Developing effective service policies for multiclass queues with abandonment: asymptotic optimality and approximate policy improvement
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We study a single server queuing model with multiple classes and impatient customers. The goal is to determine a service policy to maximize the long-run reward rate earned from serving customers net of holding costs and penalties respectively due to customers waiting for and leaving before receiving service. We first show that it is without loss of generality to study a pure-reward model. Since standard methods can usually only compute the optimal policy for problems with up to three customer classes, our focus is to develop a suite of heuristic approaches, with a preference for operationally simple policies with good reward characteristics. One such heuristic is the RµΘ rule - a priority policy that ranks all customer classes based on the product of reward R, service rate µ, and abandonment rate Θ. We show that the RµΘ rule is asymptotically optimal as customer abandonment rates approach zero and often performs well in cases where the simpler Rµ rule performs poorly. The paper also develops an approximate policy improvement method that uses simulation and interpolation to estimate the bias function for use in a dynamic programming recursion. For systems with two or three customer classes, our numerical study indicates that the best of our simple priority policies is near optimal in most cases; when it is not, the approximate policy improvement method invariably tightens up the gap substantially. For systems with five customer classes, our heuristics typically achieve within 4% of an upper bound for the optimal value, which is computed via a linear program that relies on a relaxation of the original system. The computational requirement of the approximate policy improvement method grows rapidly when the number of customer classes or the traffic intensity increases.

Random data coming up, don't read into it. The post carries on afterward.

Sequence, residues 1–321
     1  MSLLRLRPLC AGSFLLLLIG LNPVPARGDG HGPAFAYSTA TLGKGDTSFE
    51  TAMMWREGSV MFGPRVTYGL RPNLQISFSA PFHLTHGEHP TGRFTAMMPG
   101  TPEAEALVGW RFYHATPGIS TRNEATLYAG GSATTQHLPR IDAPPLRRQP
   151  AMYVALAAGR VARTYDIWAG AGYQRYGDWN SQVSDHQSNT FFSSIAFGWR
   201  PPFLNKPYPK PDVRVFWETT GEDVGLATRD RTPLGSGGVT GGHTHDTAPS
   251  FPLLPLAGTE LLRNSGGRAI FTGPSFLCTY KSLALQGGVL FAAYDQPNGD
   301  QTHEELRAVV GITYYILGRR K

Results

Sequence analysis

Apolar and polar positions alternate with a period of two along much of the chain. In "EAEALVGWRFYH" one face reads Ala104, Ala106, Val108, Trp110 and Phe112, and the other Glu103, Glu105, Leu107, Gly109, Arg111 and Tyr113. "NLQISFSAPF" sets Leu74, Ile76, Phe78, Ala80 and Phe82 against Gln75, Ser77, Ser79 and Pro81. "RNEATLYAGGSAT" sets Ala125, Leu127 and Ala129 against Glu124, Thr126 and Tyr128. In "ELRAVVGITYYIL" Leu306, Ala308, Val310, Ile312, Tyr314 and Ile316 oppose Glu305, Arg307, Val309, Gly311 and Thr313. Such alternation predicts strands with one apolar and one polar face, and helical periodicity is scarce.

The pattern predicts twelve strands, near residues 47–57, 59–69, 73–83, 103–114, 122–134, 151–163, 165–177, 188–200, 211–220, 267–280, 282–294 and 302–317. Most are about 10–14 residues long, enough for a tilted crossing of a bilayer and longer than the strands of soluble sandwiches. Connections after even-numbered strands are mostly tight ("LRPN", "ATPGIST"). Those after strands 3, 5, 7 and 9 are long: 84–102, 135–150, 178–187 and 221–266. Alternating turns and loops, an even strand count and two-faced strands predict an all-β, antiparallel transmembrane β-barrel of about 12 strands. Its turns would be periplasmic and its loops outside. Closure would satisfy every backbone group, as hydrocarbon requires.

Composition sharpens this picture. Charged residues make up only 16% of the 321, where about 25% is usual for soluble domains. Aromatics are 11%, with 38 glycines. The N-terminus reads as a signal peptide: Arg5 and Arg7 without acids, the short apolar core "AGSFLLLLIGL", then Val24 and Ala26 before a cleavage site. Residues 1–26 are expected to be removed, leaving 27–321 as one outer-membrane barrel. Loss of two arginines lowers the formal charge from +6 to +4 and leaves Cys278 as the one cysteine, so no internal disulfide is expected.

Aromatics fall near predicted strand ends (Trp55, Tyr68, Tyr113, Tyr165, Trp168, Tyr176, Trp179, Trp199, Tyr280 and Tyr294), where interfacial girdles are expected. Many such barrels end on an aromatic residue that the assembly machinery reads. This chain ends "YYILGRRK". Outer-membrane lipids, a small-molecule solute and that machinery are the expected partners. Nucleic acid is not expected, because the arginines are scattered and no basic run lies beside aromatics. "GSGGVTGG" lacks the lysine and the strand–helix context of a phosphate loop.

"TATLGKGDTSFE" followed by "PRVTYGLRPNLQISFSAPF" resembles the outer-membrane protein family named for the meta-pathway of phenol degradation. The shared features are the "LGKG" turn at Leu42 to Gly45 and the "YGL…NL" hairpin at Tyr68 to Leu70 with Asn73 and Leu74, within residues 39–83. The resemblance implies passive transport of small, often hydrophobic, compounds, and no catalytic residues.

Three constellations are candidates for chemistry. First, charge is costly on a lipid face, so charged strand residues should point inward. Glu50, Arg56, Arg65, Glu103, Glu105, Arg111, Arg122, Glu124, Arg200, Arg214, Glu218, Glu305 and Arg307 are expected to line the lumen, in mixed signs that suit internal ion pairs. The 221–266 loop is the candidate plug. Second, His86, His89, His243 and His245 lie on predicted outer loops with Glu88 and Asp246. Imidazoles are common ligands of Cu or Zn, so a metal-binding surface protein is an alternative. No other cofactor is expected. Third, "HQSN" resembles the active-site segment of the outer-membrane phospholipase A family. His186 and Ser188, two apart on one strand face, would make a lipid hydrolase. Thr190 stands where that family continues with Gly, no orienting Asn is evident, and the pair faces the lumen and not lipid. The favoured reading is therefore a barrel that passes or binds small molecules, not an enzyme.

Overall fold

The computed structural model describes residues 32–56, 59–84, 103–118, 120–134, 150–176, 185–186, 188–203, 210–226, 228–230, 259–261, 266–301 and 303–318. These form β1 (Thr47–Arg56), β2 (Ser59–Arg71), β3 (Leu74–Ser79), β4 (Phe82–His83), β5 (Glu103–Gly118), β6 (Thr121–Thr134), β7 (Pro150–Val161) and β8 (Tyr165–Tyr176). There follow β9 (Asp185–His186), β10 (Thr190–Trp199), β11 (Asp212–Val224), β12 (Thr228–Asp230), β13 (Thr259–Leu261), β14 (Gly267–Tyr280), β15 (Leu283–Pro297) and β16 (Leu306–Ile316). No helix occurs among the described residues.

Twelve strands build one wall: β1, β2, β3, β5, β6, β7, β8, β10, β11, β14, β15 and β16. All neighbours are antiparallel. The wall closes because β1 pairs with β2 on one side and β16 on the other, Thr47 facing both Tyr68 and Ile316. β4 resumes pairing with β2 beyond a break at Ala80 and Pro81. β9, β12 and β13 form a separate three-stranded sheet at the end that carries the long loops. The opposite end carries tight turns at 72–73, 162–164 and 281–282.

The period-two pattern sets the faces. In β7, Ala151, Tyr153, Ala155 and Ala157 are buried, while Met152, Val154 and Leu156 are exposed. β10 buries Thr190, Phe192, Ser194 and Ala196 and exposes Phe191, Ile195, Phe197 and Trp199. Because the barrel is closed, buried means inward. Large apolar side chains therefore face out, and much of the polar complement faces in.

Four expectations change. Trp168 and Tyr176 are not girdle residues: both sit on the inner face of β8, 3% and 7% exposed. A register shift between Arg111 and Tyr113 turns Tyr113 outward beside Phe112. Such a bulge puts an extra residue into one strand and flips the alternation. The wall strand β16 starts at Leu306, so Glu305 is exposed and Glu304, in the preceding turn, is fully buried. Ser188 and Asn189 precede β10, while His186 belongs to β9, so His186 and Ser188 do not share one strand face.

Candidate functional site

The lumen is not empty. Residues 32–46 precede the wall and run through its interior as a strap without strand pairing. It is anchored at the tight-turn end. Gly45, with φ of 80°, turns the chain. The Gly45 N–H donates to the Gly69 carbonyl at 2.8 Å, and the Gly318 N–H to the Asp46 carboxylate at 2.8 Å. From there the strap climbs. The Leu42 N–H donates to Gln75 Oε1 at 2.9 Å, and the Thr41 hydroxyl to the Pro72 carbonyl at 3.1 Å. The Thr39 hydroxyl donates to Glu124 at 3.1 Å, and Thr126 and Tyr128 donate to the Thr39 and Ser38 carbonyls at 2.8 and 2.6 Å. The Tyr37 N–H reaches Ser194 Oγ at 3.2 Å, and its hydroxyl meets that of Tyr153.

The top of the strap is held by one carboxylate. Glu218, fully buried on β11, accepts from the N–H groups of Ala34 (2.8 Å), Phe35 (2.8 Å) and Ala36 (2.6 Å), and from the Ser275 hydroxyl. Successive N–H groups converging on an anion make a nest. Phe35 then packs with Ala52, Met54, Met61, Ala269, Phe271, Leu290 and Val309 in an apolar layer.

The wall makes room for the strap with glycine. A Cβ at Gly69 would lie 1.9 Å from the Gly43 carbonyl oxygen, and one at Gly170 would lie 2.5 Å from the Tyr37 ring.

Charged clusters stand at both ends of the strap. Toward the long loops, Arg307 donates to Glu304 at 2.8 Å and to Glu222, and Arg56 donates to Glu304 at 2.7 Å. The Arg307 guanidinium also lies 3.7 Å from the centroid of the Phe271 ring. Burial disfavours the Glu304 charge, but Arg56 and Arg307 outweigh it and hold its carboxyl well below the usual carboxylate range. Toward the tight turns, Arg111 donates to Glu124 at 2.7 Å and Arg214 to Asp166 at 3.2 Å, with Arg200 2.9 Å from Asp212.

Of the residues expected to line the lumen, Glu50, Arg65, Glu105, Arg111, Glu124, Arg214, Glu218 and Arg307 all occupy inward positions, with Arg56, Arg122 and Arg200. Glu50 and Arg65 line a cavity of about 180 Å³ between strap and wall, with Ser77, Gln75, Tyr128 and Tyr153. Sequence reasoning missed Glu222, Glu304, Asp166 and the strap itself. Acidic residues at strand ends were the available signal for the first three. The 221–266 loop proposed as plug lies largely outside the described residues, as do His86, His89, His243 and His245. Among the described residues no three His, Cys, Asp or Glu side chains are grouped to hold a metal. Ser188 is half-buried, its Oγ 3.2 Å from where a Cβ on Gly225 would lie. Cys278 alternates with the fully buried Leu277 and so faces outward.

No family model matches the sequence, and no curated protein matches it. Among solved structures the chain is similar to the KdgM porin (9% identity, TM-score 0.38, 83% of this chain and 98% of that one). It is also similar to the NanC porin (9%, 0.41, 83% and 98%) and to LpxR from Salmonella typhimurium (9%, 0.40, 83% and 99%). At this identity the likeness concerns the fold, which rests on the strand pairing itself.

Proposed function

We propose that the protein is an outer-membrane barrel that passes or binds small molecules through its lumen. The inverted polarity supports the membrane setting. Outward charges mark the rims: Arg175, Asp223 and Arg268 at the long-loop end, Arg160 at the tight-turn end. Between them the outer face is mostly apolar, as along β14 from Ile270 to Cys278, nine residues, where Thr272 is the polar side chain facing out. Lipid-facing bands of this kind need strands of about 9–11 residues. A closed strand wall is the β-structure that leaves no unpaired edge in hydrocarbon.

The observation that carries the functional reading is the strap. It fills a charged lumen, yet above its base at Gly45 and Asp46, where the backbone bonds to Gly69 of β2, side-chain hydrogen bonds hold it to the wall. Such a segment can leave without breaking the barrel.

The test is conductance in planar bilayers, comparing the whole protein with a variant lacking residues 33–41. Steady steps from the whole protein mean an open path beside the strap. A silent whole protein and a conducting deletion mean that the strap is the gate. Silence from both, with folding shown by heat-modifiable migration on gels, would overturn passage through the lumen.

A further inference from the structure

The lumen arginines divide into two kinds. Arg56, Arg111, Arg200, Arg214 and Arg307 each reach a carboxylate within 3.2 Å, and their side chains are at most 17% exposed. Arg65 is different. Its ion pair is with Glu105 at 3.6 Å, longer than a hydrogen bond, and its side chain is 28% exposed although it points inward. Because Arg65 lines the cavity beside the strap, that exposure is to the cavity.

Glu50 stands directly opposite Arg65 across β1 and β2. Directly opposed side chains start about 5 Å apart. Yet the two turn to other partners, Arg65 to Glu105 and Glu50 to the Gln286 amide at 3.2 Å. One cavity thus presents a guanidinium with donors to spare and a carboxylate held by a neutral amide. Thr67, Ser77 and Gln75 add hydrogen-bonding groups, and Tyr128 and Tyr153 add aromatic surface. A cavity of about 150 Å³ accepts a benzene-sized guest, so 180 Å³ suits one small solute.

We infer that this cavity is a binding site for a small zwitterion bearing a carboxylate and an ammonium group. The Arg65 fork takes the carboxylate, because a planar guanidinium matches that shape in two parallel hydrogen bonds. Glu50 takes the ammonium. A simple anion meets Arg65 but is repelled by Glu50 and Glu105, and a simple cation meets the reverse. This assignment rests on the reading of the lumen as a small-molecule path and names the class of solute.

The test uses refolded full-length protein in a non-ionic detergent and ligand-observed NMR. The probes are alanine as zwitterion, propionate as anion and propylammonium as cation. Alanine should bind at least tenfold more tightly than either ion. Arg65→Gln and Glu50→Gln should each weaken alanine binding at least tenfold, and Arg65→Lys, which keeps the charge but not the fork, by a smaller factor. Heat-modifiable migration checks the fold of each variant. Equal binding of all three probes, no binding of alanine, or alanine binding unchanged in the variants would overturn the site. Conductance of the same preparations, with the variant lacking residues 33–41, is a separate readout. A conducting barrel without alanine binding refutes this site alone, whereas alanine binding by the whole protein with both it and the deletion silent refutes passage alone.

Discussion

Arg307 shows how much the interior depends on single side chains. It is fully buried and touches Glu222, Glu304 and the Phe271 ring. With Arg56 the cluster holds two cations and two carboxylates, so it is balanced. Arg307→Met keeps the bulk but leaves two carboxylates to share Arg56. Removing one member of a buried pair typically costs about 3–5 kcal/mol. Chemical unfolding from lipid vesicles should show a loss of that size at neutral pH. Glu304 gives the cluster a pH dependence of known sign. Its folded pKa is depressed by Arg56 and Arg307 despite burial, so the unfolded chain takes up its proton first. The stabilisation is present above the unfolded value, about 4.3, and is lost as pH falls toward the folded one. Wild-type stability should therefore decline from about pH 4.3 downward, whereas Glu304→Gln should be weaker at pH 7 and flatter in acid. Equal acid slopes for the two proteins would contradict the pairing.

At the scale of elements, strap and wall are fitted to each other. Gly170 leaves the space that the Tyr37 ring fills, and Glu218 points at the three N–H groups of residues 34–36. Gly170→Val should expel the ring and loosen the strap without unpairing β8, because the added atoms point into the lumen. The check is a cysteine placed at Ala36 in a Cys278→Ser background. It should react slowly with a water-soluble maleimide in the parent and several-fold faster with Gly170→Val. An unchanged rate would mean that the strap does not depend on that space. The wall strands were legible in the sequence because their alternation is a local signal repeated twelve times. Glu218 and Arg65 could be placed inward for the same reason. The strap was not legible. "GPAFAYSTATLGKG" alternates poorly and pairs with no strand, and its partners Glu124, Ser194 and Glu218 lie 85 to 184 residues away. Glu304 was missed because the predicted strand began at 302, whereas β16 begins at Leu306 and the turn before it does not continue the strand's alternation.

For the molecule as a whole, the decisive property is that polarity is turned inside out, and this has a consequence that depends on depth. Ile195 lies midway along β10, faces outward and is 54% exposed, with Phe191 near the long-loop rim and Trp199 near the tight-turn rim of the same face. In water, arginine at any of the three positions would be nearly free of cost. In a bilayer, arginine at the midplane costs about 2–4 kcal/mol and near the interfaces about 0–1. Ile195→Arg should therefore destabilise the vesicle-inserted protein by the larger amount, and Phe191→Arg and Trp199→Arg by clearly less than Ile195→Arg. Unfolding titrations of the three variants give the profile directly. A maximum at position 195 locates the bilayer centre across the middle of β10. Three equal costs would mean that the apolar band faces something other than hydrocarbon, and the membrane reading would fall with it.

The article of record as published may be found at http://dx.doi.org/10. 1287/tjoc.2015.0675
RightsThis publication is a work of the U.S. Government as defined in Title 17, United States Code, Section 101. Copyright protection is not available for this work in the United States.
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